LAST Wednesday, a public school teacher was shot in the presence of his Grade 6 pupils inside their classroom in Binlod, Argao. He’s dead.

Early Thursday night, a traffic aide was manning traffic in Tabunok, Talisay when he was shot in the head. He’s also dead.

Earlier in the day, in the same city, a motel manager was shot while drinking with friends. He’s also dead.

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Also in Talisay, at Friday dawn last week, a couple was on a motorcycle when they were nearly run over by an Isuzu Bighorn driven by the city mayor’s son. He pulled out his gun but, fortunately for the couple, apparently did nothing more. The husband and his wife are still alive.

It looks like the gun ban is working according to expectations, a reader from Guadalupe observed in a letter dripping with sarcasm. Surely, Miguel Cabreros said, the Comelec will do something to prove that there is law and order in the Philippines.

I’ll drink to that, ha ha ha! I will not waste my time-–and precious column space-–on sarcasm: the Comelec isn’t the place if you’re looking for law, order and, most of all, justice. Think Padaca, Mendoza, Mitra and Panlilio, in case you don’t get the drift.

“We are not a democracy, much less a republic,” Cabreros wrote. “We are a unique breed of feudalism and socialism. Our country is run by an enlightened upper class of feudal lords who are perpetuated in office through political patronage, showbiz gimmickry and violence.”

I agree about the feudal lords but cant quite see how they cant be described as enlightened. Yes, they know how to perpetuate themselves in office, understanding the value of political largesse, the advantage of gimmickry and the practical use of violence. But enlightened?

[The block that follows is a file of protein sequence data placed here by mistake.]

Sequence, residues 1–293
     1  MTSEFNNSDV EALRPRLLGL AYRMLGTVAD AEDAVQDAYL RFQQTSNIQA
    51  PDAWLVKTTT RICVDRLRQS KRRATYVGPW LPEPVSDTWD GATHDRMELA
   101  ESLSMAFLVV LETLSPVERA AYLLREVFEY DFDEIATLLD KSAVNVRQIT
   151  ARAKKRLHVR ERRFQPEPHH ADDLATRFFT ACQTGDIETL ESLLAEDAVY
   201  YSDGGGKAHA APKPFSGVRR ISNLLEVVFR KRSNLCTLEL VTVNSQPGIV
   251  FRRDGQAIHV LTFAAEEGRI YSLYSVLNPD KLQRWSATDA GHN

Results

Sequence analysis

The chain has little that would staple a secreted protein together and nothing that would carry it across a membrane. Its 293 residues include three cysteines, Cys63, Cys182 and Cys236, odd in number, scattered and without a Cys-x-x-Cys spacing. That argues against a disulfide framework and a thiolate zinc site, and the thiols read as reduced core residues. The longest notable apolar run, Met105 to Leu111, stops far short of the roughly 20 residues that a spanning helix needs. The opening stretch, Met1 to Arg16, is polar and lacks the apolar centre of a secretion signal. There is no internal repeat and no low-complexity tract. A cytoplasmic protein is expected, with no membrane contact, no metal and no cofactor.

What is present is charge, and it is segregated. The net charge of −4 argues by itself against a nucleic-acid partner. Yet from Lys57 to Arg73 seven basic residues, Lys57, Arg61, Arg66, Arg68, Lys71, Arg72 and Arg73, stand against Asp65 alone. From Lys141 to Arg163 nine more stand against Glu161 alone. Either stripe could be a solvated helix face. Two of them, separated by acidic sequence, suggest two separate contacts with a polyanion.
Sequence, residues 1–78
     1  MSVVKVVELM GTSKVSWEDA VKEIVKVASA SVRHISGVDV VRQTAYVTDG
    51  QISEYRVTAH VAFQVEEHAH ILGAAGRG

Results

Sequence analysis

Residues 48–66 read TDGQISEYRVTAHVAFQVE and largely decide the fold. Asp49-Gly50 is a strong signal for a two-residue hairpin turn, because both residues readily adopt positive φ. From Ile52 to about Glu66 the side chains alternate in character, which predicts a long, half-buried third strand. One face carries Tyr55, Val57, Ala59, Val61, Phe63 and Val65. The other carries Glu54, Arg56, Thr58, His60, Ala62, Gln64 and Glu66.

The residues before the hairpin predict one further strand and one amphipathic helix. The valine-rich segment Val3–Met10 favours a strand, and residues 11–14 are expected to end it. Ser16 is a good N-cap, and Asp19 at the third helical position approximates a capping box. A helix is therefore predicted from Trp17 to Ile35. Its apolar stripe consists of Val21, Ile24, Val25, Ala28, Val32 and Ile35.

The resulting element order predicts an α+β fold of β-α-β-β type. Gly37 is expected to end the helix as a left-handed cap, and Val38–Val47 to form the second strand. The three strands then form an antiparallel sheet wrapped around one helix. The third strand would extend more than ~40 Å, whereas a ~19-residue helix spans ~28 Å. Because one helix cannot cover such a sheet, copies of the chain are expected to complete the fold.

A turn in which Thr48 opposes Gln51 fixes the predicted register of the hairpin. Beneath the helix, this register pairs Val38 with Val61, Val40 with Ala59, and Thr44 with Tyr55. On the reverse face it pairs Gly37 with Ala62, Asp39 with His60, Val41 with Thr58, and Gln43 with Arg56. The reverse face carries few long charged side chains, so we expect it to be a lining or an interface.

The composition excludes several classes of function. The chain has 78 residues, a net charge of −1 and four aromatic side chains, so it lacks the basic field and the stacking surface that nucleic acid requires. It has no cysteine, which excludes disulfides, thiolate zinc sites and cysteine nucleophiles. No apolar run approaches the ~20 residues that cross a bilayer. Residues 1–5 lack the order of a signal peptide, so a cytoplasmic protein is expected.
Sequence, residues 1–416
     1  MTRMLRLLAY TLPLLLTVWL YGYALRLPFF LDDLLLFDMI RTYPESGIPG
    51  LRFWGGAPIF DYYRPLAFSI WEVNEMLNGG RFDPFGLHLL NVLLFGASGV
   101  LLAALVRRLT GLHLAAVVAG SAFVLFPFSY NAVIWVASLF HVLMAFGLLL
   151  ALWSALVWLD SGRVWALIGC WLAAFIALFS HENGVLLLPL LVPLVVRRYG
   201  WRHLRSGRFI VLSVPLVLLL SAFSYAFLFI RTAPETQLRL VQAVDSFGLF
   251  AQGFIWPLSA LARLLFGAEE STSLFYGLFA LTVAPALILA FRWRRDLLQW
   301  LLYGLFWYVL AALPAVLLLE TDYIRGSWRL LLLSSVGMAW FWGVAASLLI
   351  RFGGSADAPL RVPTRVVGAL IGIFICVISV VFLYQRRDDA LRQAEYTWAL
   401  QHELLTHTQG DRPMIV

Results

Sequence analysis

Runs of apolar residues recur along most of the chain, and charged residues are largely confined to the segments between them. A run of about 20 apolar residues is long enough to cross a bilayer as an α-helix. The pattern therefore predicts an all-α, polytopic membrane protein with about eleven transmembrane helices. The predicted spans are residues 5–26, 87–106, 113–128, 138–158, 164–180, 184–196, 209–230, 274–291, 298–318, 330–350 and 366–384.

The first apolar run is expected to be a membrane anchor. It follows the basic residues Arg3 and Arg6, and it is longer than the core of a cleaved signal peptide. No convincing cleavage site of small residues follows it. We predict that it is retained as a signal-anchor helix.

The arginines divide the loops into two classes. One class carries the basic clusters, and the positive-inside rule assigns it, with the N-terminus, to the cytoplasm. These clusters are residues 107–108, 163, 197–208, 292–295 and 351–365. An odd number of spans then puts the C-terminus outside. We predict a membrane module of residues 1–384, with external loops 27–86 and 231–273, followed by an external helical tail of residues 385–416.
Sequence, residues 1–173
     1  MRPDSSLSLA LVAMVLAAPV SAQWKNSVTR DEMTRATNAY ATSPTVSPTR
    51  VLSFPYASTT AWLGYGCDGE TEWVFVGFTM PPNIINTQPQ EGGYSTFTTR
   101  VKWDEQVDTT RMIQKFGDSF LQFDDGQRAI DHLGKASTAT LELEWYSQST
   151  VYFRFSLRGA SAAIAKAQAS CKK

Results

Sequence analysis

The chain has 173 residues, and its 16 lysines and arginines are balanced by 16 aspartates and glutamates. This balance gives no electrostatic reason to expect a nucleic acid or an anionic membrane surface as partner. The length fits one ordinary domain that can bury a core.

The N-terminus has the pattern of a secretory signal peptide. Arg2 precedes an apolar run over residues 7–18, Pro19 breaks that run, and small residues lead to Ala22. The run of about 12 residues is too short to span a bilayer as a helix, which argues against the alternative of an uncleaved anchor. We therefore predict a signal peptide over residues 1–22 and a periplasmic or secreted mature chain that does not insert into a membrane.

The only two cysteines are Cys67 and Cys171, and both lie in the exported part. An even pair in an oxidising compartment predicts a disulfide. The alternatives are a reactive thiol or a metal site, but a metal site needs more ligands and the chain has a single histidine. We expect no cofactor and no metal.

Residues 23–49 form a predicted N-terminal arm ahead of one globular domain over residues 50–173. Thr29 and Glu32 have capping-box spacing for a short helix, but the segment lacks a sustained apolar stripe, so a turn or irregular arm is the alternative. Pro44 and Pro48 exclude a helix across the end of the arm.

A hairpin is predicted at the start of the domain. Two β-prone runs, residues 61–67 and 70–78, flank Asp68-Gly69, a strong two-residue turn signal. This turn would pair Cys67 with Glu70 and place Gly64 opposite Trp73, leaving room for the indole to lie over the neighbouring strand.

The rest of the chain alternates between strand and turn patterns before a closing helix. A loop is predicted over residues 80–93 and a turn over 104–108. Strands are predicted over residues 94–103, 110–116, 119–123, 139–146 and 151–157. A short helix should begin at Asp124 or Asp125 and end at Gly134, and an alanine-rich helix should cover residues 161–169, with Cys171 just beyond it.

Smarter maybe and I wish to emphasize that no admiration or civility is intended by that description.

Listen. The Supreme Court issues an order that says a decision is already final and executory. Everyone should bow down to that order and implement the decision, right? Wrong. That rule applies only to us, the not-so-smart ones. The feudal lords who constitute Congress are not covered.

Listen some more. The Supreme Court issues a writ of habeas corpus directing the military and the police to present before the Court of Appeals suspected communist insurgents who are in their custody.

A writ of habeas corpus is immediate, meaning the people or institutions directed should produce the bodies of the detainees to the court at the appointed time. So the military and the police gather their suspects from their cells, load them onto vans and buses with their guards and proceed to the Court of Appeals, escorted by truckloads of more guards, on the specified date and time, right?

Wrong. The military and the police are extensions of the feudal lords and obey only their rules. And they tell the Court, we’re still finalizing arrangements for the safe transport of the prisoners from the camp to the Court; therefore you have to wait until we’re convinced that all bases are covered before you can see any one of them.

Such insolence would have earned swift and severe sanctions from the Court in other jurisdictions. But the police and the military got nothing more than a lecture on the immediacy of the writ and the “dangerous precedent” that their failure might have set.

Only in the Philippines.

(frank.otherside@yahoo.com)